I start the lesson by displaying a sample solar oven on a table in front of the class.
I have the students gather around to look at it closely. I ask the students, “Can anyone tell me what they think this contraption might be? (Answers vary)
I ask them to think about what we learned in the prior lesson when we made popcorn. (types of heat transfer)
I tell the students that this item is a solar oven I made in my kitchen. I explain that today we are each going to use the Sun’s light energy to make an oven. The oven converts the sun’s light energy into heat energy for cooking. I ask the students to think about what they learned yesterday and to recall which type of heat transfer comes from the sun’s rays. (radiation)
I have the students examine the solar oven carefully, listing all the materials I used to create it, then I ask the following questions:
After we know the purpose of each item in the box, I explain that we want to create as much heat as possible in order to use this as an oven. At this point, a lot of the kids will want to know what we are cooking… to which I reply, “S’mores!”
I have the students form groups of 3-4 and hand out the following materials to each group:
*be careful to leave the foil and plastic wrap flat and in good condition
Students create their solar ovens as a group, and place them in a spot outside where they feel they will produce the most heat. I DO NOT provide guidance with this part. I want them to form their own hypotheses as to where would make the most sense to place their oven.
If they fail at producing enough heat, it’s not a problem. (This food does not need to be cooked in order to be eaten.) We leave the ovens in the sun for at least 30-40 minutes, in order to allow them to “preheat”. Students can use thermometers to take the temperature of their ovens every 10-15 minutes and log that information. It is a great way to collect and analyze data in an authentic situation.
Once the ovens have had time to preheat, we bring out the graham crackers and marshmallows. In order for them to soften up enough to get gooey, each student cooks a marshmallow on top of a single graham cracker for another 30-60 minutes. Once the marshmallows are soft, we add the chocolate and top with another graham cracker. At this time, we close the lids and remove them from the heat. This ensures that the ovens stay warm enough to soften the chocolate, but not too hot to melt it completely, leaving us with a soupy mess. This process usually takes 10-15 minutes.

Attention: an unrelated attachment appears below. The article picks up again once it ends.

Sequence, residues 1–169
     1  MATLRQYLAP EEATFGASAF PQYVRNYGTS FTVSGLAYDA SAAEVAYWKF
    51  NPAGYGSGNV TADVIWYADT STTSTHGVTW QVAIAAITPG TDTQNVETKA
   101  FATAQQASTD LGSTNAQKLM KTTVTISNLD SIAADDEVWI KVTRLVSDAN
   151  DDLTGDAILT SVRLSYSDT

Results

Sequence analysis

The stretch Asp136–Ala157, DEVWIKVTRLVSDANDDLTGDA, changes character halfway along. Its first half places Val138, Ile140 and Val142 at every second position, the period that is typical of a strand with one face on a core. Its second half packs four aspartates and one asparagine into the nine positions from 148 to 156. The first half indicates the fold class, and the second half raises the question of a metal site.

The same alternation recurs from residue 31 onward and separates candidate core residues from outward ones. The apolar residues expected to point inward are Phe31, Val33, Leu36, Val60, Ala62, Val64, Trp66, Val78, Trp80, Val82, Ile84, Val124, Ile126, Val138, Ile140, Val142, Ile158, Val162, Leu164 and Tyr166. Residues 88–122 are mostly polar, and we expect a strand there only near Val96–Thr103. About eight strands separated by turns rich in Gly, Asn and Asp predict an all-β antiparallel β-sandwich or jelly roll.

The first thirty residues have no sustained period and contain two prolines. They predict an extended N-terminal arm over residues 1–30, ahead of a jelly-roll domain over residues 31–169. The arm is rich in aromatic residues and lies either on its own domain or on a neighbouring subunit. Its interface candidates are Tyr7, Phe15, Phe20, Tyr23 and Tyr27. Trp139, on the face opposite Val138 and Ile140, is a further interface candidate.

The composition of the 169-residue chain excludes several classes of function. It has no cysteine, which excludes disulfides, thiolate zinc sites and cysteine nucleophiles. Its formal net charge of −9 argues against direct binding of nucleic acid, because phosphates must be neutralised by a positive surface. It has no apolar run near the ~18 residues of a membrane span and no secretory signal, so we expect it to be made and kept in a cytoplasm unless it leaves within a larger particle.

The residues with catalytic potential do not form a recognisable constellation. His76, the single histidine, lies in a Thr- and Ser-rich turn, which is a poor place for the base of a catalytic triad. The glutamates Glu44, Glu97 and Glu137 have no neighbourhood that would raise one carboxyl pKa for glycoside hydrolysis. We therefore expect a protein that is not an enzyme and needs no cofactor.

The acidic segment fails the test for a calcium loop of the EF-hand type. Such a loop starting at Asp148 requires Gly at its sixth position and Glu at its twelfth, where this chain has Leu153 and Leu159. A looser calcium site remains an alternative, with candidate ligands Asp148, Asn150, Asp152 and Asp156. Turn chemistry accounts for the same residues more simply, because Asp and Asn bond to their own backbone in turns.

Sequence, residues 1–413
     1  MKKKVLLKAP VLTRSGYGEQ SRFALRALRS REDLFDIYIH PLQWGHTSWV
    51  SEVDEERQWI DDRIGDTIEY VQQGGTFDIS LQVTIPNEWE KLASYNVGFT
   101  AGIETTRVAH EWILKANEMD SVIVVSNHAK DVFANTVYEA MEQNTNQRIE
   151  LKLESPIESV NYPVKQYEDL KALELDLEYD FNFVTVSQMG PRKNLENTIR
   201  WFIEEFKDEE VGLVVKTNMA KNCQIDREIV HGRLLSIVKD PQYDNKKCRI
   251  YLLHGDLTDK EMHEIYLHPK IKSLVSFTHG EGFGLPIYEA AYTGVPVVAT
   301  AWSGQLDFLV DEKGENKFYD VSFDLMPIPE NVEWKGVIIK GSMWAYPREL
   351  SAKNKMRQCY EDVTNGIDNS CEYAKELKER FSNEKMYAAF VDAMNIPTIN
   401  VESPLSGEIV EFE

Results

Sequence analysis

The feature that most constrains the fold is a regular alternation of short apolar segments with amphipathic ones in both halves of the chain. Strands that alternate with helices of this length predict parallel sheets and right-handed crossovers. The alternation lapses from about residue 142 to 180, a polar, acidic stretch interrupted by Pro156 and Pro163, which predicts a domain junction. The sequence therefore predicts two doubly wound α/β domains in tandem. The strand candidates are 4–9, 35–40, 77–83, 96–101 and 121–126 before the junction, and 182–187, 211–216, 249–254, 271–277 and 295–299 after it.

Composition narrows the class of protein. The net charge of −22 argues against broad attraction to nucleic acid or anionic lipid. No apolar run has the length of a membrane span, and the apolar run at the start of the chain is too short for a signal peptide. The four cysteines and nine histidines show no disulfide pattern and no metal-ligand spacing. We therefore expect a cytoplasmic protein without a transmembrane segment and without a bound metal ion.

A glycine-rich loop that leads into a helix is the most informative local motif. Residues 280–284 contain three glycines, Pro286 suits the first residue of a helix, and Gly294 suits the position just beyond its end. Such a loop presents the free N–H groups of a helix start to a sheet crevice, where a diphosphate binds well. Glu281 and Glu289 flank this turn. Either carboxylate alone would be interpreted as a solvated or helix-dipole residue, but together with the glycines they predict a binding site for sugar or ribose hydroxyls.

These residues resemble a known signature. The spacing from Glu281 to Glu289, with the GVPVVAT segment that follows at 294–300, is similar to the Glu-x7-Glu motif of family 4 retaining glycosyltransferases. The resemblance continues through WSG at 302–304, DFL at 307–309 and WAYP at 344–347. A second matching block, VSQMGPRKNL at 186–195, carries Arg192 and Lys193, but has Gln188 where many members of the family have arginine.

As they cook, we observe the changes they are making, and I ask questions, such as:
While students are waiting for their S'mores to cook, I pass out the Solar Cooking article for them to read. As they read I have them highlight key information from the article. After reading, I have the students draw a diagram of how solar ovens use radiation to cook their foods, including drawings, labels, and captions to describe the process. This will serve as a way for me to assess their understanding of the processes involved in heat transfer and cooking our S'mores.
By this point, the S'[mores are usually ready to eat! Working carefully, as the ovens may be hot, I have the students gather their ovens and bring them inside to cool. Once they are cool enough to touch, the students may remove and eat their S'mores.
While they are eating, I pair everyone up and have them share their diagrams with their partner, describing the process of cooking with the Sun's rays as if their partner had no knowledge of the concepts whatsoever. After sharing, it is the job of each partner to ask clarifying questions and to provide feedback to revise the diagrams, if necessary. Through the quality of both the diagram and the discussion, I am able to determine the level of understanding on the part of each student.
Check out their Solar S'mores!